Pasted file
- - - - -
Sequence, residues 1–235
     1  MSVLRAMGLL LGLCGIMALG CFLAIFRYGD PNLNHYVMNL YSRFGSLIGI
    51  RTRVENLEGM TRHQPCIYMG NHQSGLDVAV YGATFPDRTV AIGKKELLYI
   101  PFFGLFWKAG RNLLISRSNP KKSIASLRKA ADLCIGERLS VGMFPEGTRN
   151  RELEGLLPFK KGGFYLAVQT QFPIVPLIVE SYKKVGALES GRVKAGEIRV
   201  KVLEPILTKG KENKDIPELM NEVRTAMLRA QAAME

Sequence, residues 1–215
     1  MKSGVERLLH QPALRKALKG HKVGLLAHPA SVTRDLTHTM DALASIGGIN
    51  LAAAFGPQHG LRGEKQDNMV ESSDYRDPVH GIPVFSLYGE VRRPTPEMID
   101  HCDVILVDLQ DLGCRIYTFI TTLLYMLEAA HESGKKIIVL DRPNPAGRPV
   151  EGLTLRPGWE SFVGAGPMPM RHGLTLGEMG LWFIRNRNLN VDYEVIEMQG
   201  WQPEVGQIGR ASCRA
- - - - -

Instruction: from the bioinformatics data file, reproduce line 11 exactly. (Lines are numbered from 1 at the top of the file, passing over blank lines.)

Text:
   151  EGLTLRPGWE SFVGAGPMPM RHGLTLGEMG LWFIRNRNLN VDYEVIEMQG